Norwegian gas sales are on course to test a record high this year as Europe seeks to reduce its dependence on top supplier Russia as soon as possible.
Total exports from fields in the Nordic nation are poised to jump about 8% this year to 122 billion cubic meters, the government said in its updated outlook on Wednesday. The country sold similar volumes in 2017, a record year for exports.
The continent’s second-biggest supplier is pumping at full tilt, benefiting from record prices and higher demand than ever for its fuel. The European Union aims to curb imports from Russia by two thirds this year because of the war in Ukraine.
European prices spiked after Russia’s invasion in late February, deepening an energy crisis that started last year. Costs have since eased but they remain historically high and traders remain on the edge because of the uncertainty of flows and payment regimes.
“High prices give the companies strong incentives to utilize the production capacity on the fields,” Petroleum and Energy Minister Terje Aasland said. “Companies are producing at full, or near full capacity.”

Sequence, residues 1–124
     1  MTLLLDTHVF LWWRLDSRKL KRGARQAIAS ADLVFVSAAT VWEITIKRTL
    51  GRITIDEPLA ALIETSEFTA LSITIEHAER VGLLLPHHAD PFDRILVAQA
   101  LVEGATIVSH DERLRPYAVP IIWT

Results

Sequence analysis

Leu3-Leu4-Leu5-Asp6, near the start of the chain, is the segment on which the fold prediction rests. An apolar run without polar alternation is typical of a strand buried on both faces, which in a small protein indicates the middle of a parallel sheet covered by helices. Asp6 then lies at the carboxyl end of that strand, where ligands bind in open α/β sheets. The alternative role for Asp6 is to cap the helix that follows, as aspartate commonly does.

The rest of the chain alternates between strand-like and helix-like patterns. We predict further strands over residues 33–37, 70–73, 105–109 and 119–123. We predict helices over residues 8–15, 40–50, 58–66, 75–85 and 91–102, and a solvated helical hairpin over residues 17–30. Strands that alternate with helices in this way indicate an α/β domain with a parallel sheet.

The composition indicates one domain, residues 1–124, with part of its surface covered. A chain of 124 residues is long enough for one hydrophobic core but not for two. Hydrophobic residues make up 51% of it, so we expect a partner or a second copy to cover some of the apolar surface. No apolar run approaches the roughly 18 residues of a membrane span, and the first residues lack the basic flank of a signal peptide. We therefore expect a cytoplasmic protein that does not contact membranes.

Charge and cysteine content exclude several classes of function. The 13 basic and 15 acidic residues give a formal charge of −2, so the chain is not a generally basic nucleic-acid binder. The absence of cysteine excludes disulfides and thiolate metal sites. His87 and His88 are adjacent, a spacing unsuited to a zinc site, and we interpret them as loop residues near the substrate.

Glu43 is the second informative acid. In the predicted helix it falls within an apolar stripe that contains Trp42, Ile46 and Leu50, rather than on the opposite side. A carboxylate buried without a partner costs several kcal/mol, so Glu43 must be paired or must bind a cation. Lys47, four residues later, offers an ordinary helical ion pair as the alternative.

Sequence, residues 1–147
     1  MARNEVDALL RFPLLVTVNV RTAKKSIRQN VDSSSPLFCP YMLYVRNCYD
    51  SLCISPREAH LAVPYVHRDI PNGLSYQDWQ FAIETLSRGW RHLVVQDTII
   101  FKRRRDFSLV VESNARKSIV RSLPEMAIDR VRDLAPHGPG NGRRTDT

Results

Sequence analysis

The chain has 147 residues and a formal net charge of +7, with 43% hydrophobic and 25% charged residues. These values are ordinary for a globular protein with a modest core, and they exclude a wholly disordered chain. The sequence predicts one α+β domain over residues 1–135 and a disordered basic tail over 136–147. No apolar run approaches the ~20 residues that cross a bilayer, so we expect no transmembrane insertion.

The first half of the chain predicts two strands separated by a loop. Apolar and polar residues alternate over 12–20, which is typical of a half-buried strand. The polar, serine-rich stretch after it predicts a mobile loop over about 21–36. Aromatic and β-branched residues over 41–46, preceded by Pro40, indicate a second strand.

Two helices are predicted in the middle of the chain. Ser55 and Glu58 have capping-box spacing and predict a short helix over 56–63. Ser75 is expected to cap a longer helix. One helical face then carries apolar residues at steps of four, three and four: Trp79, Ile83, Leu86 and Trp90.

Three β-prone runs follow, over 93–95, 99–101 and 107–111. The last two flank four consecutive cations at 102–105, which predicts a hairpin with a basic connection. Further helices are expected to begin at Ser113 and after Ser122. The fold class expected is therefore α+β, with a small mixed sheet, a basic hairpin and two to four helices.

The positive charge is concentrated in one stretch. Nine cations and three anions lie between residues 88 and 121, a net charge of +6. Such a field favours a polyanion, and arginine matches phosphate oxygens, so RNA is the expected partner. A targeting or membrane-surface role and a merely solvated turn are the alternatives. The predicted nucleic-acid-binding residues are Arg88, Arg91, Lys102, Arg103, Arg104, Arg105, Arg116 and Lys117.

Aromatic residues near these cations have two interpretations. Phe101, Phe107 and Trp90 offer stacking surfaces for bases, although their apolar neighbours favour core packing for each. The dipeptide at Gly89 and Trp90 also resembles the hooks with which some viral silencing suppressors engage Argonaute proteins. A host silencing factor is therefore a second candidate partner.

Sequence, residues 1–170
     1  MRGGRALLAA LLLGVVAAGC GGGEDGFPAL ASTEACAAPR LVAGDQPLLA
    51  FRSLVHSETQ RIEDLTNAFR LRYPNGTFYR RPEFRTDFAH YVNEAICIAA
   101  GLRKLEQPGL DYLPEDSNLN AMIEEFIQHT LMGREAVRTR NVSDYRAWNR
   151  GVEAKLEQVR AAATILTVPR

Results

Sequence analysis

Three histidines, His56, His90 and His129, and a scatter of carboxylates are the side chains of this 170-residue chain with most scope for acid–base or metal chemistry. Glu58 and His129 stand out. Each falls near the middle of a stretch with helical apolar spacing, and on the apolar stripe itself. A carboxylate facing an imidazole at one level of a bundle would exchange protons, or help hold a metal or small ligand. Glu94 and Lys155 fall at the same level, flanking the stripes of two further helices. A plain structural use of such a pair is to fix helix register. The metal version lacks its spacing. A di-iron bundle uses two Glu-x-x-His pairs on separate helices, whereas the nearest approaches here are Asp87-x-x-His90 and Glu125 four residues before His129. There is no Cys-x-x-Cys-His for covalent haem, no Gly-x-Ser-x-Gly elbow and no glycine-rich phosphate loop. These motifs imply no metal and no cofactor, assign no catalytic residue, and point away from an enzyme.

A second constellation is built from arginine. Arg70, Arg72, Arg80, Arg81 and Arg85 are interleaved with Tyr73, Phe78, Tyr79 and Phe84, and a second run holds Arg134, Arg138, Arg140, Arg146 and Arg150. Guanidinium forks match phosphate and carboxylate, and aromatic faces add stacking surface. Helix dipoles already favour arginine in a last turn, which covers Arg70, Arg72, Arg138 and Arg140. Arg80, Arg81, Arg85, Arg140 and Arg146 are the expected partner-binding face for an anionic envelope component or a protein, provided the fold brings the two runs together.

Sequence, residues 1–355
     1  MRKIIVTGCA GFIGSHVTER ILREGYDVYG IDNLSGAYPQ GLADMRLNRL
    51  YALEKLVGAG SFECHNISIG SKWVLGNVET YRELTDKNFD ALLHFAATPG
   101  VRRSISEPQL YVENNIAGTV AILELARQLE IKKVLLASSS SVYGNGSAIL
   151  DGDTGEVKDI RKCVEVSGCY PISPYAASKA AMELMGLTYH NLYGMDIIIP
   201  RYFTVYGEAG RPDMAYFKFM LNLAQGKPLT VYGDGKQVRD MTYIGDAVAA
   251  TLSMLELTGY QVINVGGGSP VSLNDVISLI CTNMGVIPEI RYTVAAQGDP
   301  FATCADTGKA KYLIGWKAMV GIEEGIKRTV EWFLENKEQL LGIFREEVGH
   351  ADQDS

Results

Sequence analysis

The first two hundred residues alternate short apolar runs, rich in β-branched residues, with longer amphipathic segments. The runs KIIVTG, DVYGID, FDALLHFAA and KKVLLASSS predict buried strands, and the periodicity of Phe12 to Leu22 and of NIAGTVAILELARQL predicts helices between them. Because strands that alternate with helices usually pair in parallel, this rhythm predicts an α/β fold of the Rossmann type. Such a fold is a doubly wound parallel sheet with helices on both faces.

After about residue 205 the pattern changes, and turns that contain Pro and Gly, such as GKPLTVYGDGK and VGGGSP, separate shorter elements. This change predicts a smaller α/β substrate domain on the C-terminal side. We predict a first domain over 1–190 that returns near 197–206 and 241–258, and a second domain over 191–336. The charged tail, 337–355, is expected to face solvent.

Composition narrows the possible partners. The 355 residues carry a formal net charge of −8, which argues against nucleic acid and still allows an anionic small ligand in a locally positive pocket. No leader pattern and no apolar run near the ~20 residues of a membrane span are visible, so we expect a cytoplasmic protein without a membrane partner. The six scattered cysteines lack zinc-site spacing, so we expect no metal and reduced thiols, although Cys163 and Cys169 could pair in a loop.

Norwegian producers have tweaked operations at some fields, including reducing gas injections for oil recovery. Energy major Equinor ASA will also restart its Hammerfest LNG plant this month. The facility has been shut after a fire in late 2020.
The extra volume would amount to an increase of about 9 billion cubic meters this year compared with 2021 sales. While every molecule counts, it’s just a fraction of Russia’s flows to the European Union, which exceeded 155 billion cubic meters last year. That was about 40% of the bloc’s total consumption.
Europe has a chronic need to boost energy security. Importing from a friendly country, with a long history of sound governance like Norway, is infinitely preferable to relying on Russia. That’s great news for Norway’s balance of payments.Click HERE to subscribe to Fuller Treacy Money Back to top